Shareholder Oppression Explained

Shareholder Oppression Explained

Being a minority shareholder of a closely held business comes with the risk of shareholder oppression. However, many minority shareholders or those considering purchasing a minority interest in an Illinois closed corporation do not have a good understanding of what shareholder oppression is or what statutory rights minority shareholders have in the state of Illinois.

What is Shareholder Oppression?

A minority shareholder is a shareholder who owns less than a 51% interest in a company and does not have a majority control over the business. Shareholder oppression occurs when minority shareholders are denied their rights as shareholders or when majority shareholders act in a way that favors the majority or unfairly prejudices the minority. Illinois courts have found shareholder oppression where the majority shareholder’s conduct is arbitrary, heavy-handed, overbearing, or illegal. Examples of shareholder oppression may include when a majority shareholder diverts profits to the majority or mismanages company assets. Shareholder oppression often occurs in smaller closely held companies where majority shareholders typically are able to control the day to day business of the company regardless of the minority and minority shareholders lack a market to easily sell off their shares.

Common Examples of Shareholder Oppression

Shareholder oppression often occurs as part of a plan by majority shareholders to force minority shareholders to sell their interest in a company at unfairly low prices, called a squeeze out, or to deprive minority shareholders of any rights or benefits of being a shareholder, known as a freeze out. Some common examples that the shareholder oppression attorneys at Lubin Austermuehle have dealt with in their more than three decades of experience litigating shareholder oppression disputes include:

  • Refusing to allow a minority shareholder to inspect the company’s books and records
  • Draining company profits through inflated salaries and bonuses to the majority, leaving little or nothing to distribute in dividends
  • Locking a minority shareholder out of company property
  • Cutting a minority shareholder out of management decisions
  • Refusing to notify a minority shareholder of official shareholder meetings
  • Creating a stock redemption plan that favors only the majority shareholder
  • Altering corporate bylaws or operating agreements to remove or diminish a minority shareholder’s rights
  • Using company funds to pay for the majority’s personal expenses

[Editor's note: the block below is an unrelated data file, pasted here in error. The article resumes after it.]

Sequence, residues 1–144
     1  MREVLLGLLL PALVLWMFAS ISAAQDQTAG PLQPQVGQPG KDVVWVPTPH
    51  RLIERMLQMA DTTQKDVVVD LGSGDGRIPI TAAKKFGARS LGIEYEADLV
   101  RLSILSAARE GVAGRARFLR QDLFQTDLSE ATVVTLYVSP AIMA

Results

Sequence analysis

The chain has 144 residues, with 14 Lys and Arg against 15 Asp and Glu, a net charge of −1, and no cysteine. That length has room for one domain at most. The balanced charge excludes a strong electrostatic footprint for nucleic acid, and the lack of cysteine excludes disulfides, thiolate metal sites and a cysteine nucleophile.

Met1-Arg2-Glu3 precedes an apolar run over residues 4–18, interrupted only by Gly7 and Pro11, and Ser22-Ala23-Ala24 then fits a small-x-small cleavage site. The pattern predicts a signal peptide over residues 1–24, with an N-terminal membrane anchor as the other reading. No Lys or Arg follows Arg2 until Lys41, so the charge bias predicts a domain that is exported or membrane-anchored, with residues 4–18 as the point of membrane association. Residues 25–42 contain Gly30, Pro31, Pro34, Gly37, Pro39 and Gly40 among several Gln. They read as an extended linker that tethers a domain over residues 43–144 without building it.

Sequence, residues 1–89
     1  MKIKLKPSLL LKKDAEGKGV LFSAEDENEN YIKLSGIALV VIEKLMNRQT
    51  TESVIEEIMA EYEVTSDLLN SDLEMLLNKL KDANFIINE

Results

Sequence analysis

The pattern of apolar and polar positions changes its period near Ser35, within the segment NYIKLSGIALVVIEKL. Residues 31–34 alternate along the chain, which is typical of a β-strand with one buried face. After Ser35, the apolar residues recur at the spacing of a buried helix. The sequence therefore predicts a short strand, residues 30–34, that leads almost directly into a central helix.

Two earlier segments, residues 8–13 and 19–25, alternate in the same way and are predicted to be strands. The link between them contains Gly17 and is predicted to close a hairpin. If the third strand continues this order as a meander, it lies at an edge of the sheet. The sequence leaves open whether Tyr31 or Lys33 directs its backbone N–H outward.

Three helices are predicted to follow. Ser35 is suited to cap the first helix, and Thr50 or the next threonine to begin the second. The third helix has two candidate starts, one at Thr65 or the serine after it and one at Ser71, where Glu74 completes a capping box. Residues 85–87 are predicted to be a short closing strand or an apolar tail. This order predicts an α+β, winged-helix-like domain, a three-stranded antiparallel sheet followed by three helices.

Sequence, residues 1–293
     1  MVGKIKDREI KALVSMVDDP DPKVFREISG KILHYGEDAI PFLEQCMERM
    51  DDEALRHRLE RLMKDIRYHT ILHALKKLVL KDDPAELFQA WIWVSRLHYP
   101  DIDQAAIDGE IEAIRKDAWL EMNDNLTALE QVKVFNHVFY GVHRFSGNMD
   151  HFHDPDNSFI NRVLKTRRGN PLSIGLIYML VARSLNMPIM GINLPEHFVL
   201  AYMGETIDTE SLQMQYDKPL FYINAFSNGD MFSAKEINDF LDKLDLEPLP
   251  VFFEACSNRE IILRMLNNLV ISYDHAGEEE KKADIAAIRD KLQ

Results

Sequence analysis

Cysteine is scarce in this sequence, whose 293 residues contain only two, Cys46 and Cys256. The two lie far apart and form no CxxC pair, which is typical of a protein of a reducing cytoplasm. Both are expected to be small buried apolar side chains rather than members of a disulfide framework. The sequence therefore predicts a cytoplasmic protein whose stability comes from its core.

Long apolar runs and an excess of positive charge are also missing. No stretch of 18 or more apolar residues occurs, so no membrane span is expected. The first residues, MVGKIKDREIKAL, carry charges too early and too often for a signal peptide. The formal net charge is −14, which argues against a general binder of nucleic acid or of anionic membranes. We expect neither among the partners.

• Attempting to force a repurchase the minority’s shares at an unfairly low price
  • Accepting a cash merger that eliminates a minority shareholder’s interest in the company
How to Prevent Shareholder Oppression

The best way for minority shareholders to protect themselves from shareholder oppression is to make entering a shareholder agreement a prerequisite for buying a minority interest in a company. Shareholder agreements typically define the respective management and voting powers of the shareholders, apportionment of losses and profits, payment of dividends, and redemption and sale rights and limitations. These contracts between shareholders are most direct and easy method for protecting minority shareholder’s rights and avoiding many of the oppressive actions outlined above. If you are considering entering a shareholder agreement or purchasing a minority interest in a business, it is always advisable to seek advice from an experienced business and shareholder rights attorney.

Rights and Remedies for Shareholder Oppression

Minority shareholders in Illinois closely held businesses have rights and remedies under the Illinois Business Corporation Act in the event of shareholder oppression. Some of the statutory remedies available to oppressed minority shareholders include:

  • Requiring an accounting of any matter in dispute
  • Appointing an independent custodian to manage the business or a matter in dispute
  • Changing or altering the official company documents such as the bylaws or articles of incorporation
  • Requiring or proscribing certain actions of the business or its officers, directors or shareholders
  • Removing or appointing officers or directors of the company
  • Paying dividends owed
  • Requiring the purchase of a minority shareholder’s shares by the majority shareholder or the company
  • Awarding monetary damages
  • Dissolving the company

Our Chicago and DuPage County minority shareholder and LLC member attorneys have litigated minority oppression, business divorce, stolen corporate opportunity and breach of fiduciary duty lawsuits for more than three decades. If you’re the victim of shareholder oppression or a breach of fiduciary duty would like to discuss how the experienced Chicago shareholder oppression lawyers at Lubin Austermuehle can help, we would like to hear from you. To set up a consultation with one of our Chicago shareholder rights attorneys and Chicago business trial lawyers, please call us toll-free at (833) 306-4933 or contact us online.

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